Page 124 - British Inquiry into Loss of RMS Titanic Day 10 -13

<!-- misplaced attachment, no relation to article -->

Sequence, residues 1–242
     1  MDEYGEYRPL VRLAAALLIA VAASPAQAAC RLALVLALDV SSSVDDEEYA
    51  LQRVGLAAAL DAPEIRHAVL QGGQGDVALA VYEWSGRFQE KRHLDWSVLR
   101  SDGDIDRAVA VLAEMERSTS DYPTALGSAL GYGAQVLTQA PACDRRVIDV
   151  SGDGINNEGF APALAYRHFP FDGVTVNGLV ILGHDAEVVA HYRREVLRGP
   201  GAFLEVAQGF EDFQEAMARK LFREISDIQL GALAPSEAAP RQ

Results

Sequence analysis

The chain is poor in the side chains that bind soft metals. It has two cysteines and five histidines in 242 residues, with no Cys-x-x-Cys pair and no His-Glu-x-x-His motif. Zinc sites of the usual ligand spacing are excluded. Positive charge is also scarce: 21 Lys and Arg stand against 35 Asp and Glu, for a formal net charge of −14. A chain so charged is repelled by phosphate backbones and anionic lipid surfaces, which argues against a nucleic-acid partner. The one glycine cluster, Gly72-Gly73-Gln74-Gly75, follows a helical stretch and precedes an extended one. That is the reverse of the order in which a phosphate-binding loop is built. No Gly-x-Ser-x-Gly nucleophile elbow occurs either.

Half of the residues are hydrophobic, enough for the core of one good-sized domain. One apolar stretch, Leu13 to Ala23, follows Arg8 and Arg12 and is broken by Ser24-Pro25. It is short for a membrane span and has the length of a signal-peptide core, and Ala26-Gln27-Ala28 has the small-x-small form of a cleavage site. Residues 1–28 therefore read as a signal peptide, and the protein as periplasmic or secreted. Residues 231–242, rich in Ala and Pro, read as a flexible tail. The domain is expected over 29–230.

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13661. Now did you send that message in consequence of your conversation with the Captain? - No, I thought it was a necessary precaution. That is a message I always send along when approaching the vicinity of ice or a derelict, as the case may be. If I know we are approaching the vicinity of a derelict, I send the word along to let them know what to look out for. It is just the same with regard to a Lightship, say the Nantucket Lightship; I tell them to keep a sharp look out for the Nantucket Lightship to give them an idea what they are looking for. 13662. What time was it dark on this night? - I think about half-past six, between half-past six and seven. 13663. (The Solicitor-General.) Was this the first time during this watch, six to ten, when you had sent any message to the crow’s-nest about any ice? - The first; yes. 13664. And was it the only time as far as you are concerned? - The only time. 13665. But as you have explained to us, it was a message you said they were to pass on to the men who relieved them? - Yes. 13666. Cannot you tell us at all whether that message was in any way caused by or suggested by the conversation you had with the Captain? - No, in no way whatever. It was not. I see your point, that having been talking with the Commander I should naturally take this precaution, but I may say that it was in no way suggested by the conversation with the Commander. 13667. Very well, I think you caused that message to be sent to the crow’s-nest by one of the junior officers who was with you on the bridge? - Yes, Mr. Moody. 13668. Did you hear him send the message? - I did. I told him to repeat it. 13669. You heard him send it, and when he first sent it did he send it quite accurately? - No, not quite. 13670. And did you then make him repeat it accurately? - Yes. 13671. Now just tell the Court what was the difference, what was it you wanted to be right? - Well, I told Mr. Moody to ring up the crow’s-nest and tell the look-outs to keep a sharp look out for ice, particularly small ice and growlers. Mr. Moody rang them up and I could hear quite distinctly what he was saying. He said, “Keep a sharp look out for ice, particularly small ice,” or something like that, and I told him, I think, to ring up again and tell them to keep a sharp look out for ice particularly small ice and growlers. And he rang up the second time and gave the message correctly. 13672. Of course if there was no swell so that you could not at all rely on the breaking of the water against the edge of an iceberg or growler, it would be particularly hard to see would it not? - It would be more difficult if it was not of any size. 13673. Whereas an iceberg that is more out of the water, on a fine night you thought would probably show you some white side or white edge? - Yes. 13674. And on a fine night you would be able to see the whiteness? - Yes. 13675. Was that the reason you repeated the message about growlers? - Yes. 13676. Now we come to the last half-hour of your watch, from 9.30 to 10, I think. Just tell us what you were doing as regards ice, looking for ice during that time? - At 9.30 or about 9.30 I took up a position on the bridge where I could see distinctly - a view which cleared the back stays and stays and so on - right ahead, and there I remained during the remainder of my watch. 13677. Were you looking out? - Keeping a sharp look-out, as sharp as was possible. 13678. Looking out for ice? - Looking out for ice and watching the weather; watching the conditions generally to see there was no haze which would rise that I should not notice, and, of course, keeping a sharp look out for ice as well. 13679. Were the conditions of the weather such that a haze might arise locally in one particular part of the field in front of you? - Then I should have seen it. 13680. You thought that might be so and you were looking out? - It could possibly have been so.
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